Reading Moby-Dick Chapter 27

Chapter 27 another chapter titled Knights and Squires  Stubb’s tobacco smoke might have operated as a sort of disinfecting agent.  Ishmael introduces the second mate Stubb, and third mate Flask and their harpooners. We learn that Queequeg is Starbuck’s harpooner. It is noted that the large majority of men employed in the whaling industry, excepting […]

Reading Moby-Dick Chapter 26

Chapter 26 Knights and Squires which consists of Ishmael’s description of the temperament of chief mate Starbuck. A found poem: his wife is afraid of thunder, wasted stars, divine equality she cannot withstand bottomless latitudes, welded words, his bent soul  

Reading Moby-Dick Chapter 25

Chapter 25 Postscript  Ishmael offers one more “substantiated fact” in his advocacy of the dignity of whaling. He argues that whaling  is dignified and regal because the king’s head is oiled with sperm oil at his coronation. I miss Queequeg.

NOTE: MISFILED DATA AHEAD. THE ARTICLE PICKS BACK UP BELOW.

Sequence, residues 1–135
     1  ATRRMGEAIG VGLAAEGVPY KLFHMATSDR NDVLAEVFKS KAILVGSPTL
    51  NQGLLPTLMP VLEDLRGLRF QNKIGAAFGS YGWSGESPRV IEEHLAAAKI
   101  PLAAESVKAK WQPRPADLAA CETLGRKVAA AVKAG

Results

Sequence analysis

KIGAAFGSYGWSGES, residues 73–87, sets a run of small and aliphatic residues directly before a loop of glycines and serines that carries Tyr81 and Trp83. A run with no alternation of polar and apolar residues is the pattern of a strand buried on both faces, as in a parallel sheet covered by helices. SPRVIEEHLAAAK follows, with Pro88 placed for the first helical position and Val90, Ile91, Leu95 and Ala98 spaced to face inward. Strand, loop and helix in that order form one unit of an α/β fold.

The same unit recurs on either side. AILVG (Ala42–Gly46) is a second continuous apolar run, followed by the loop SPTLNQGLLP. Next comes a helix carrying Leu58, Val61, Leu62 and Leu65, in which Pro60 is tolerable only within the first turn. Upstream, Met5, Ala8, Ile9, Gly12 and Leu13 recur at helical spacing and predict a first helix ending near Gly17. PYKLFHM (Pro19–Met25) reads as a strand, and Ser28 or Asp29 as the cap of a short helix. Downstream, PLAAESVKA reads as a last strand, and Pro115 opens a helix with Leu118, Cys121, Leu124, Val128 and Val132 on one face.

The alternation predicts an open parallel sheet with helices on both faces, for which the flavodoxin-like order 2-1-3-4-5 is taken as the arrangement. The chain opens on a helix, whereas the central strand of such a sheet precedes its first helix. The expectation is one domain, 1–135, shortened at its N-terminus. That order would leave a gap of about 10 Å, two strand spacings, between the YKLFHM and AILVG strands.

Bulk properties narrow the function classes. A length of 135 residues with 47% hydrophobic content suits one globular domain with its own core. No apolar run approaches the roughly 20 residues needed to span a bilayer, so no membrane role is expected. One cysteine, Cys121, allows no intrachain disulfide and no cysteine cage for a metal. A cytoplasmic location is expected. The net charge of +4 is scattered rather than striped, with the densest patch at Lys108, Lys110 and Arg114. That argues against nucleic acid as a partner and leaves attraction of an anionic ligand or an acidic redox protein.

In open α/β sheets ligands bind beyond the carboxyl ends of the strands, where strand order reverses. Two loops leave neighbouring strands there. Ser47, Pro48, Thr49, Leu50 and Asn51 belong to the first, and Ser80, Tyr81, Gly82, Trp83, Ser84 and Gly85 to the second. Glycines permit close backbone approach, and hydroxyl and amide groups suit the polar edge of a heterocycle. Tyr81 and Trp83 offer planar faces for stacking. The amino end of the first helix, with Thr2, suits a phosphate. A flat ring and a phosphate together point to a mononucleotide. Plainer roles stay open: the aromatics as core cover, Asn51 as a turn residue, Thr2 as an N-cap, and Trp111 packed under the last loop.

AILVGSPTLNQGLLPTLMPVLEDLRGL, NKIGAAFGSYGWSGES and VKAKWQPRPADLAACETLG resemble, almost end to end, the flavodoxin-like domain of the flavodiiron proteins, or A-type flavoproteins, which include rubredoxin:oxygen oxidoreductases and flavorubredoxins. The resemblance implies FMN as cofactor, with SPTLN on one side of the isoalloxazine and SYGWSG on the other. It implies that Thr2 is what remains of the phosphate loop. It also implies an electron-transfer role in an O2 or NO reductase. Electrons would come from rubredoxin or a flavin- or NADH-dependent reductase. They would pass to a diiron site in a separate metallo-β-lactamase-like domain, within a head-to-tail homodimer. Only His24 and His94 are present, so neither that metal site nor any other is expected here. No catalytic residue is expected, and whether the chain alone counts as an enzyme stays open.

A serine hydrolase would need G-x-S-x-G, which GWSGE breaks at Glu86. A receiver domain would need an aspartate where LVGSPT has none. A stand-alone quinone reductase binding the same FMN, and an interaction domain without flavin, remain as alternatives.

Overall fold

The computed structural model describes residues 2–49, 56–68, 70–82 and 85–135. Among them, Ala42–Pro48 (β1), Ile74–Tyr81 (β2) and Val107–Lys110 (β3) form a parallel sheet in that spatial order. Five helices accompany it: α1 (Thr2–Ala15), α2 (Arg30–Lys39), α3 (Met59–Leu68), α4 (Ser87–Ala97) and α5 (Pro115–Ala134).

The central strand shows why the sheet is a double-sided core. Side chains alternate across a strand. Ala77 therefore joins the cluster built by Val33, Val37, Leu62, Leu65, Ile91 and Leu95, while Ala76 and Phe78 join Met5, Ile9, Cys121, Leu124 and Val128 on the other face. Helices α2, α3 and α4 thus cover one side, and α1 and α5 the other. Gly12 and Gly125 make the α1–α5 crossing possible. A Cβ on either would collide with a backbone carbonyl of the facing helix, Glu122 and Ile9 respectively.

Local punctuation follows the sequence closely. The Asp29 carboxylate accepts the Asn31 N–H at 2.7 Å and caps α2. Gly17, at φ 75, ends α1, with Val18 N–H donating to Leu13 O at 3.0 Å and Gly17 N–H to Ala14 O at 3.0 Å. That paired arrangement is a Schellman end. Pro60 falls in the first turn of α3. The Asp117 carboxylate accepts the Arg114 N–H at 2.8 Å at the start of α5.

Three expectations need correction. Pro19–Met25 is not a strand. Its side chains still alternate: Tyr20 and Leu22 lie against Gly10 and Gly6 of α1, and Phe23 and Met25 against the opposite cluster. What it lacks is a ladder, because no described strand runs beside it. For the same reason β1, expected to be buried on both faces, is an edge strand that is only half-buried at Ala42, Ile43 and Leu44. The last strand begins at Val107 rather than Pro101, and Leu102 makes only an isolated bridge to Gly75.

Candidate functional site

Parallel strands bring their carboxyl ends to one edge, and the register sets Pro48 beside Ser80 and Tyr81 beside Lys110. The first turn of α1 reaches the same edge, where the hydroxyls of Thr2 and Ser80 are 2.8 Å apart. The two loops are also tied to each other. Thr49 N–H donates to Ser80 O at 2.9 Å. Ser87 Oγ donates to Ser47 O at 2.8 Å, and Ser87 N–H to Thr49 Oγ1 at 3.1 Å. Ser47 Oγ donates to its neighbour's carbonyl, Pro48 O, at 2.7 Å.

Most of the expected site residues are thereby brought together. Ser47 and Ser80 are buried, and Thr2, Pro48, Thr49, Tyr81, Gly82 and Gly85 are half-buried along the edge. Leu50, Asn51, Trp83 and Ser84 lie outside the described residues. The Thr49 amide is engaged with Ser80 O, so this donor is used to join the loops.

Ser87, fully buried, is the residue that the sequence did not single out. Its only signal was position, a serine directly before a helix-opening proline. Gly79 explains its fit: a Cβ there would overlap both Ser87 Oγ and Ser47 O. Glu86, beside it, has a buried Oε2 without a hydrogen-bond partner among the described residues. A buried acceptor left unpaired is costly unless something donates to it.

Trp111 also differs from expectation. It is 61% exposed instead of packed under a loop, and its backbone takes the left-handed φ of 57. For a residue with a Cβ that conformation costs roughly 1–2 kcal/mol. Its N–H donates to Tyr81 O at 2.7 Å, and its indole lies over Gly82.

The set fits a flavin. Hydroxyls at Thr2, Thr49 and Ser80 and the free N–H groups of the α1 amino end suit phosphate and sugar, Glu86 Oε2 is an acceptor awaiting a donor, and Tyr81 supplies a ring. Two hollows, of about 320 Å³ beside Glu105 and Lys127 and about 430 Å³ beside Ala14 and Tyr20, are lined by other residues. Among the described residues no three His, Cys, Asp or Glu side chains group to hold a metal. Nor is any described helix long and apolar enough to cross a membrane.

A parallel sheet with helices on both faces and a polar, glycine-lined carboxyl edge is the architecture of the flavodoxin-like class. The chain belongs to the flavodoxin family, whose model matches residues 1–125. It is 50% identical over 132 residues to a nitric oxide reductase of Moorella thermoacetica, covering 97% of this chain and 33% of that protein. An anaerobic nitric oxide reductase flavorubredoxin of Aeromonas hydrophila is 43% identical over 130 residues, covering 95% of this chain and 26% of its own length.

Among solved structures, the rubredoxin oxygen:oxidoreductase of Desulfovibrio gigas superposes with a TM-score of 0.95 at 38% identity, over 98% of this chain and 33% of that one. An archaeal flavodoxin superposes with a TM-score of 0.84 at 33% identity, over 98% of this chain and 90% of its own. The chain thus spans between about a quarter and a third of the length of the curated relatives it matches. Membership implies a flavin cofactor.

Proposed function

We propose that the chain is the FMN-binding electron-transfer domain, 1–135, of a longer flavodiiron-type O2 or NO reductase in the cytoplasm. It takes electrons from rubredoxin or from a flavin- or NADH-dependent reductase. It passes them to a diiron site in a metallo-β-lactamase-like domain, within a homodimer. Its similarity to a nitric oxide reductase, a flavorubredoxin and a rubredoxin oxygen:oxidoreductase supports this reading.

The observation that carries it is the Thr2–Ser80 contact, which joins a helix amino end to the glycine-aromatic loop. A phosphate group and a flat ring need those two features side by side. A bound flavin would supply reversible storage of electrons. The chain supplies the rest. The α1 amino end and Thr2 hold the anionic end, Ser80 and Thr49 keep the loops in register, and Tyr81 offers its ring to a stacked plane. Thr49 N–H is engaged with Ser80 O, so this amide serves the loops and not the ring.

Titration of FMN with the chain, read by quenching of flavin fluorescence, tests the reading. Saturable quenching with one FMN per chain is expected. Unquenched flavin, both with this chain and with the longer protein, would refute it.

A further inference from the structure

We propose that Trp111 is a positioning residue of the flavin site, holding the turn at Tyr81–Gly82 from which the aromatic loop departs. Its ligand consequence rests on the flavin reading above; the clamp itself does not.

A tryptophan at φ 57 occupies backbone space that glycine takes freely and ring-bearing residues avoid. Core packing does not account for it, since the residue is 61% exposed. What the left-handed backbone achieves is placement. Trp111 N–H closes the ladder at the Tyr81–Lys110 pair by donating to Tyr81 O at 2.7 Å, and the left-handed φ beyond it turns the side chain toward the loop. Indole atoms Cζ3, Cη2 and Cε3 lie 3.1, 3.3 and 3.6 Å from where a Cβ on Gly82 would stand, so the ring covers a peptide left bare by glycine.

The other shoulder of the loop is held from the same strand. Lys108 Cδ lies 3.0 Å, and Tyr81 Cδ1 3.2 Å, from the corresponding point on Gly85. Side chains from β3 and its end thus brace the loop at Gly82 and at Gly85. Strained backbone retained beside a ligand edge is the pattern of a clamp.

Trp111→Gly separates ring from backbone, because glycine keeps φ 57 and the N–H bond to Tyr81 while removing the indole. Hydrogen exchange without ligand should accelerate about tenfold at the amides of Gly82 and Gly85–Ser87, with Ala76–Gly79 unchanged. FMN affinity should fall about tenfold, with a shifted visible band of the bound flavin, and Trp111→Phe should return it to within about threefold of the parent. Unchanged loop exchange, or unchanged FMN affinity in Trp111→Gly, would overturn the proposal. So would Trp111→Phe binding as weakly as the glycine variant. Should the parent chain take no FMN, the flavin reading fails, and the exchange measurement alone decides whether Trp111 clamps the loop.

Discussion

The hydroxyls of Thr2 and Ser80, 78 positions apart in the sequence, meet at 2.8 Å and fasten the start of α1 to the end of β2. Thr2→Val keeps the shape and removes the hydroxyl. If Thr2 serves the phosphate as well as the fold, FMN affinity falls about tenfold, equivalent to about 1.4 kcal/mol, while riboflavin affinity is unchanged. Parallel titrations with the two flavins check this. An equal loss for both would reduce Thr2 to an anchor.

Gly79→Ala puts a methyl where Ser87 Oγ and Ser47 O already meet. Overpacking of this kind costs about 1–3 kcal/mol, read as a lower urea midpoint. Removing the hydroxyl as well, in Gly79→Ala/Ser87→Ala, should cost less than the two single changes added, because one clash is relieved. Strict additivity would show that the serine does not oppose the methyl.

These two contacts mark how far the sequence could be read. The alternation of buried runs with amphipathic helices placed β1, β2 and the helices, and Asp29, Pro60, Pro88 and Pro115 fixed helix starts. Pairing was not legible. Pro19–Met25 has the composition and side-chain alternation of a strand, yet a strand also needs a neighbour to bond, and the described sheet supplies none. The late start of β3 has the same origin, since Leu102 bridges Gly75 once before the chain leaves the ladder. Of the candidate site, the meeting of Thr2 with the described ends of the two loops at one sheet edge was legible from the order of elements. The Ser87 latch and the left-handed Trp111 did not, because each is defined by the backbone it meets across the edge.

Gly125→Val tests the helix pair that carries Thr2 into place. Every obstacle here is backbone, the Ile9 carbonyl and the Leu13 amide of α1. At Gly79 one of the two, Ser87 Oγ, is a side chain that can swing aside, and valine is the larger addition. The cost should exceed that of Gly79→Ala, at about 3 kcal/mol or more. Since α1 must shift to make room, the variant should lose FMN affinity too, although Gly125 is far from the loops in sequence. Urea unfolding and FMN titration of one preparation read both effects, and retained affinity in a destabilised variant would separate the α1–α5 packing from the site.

Reading Moby-Dick Chapter 24

Chapter 24 The Advocate  Ah, the world! Oh, the world!…for already she is on the threshold. Ishmael takes on the persona of a lawyer defending the business of whaling as peaceful and profitable and goes so far as to claim that it has liberated South America from Spain and spread democracy and enlightenment.

Reading Moby-Dick Chapter 23

Chapter 23 The Lee Shore  all deep, earnest thinking is but the intrepid effort of the soul to keep the open independence of her sea Such poetic language in this chapter. It’s my favorite so far. This “six-inch chapter is the stoneless grave of Bulkington,” the mariner we briefly met at the inn in New […]

Reading Moby-Dick Chapter 22

Chapter 22 Merry Christmas  Don’t keep that cheese too long down in the hold…  Ishmael and Queequeg set sail on the Pequod. They aren’t quite certain that Captain Ahab is aboard. They ship out on Christmas Day as indicated in the title, but this isn’t otherwise remarked on which seems strange.

Day 19 Reading Moby-Dick

We had bound ourselves to sail; and a hundred other shadowy things. Chapter 19 The Prophet Ishmael and Queequeg are approached by the prophet Elijah who implies that by signing on with the Pequod they have sold their souls.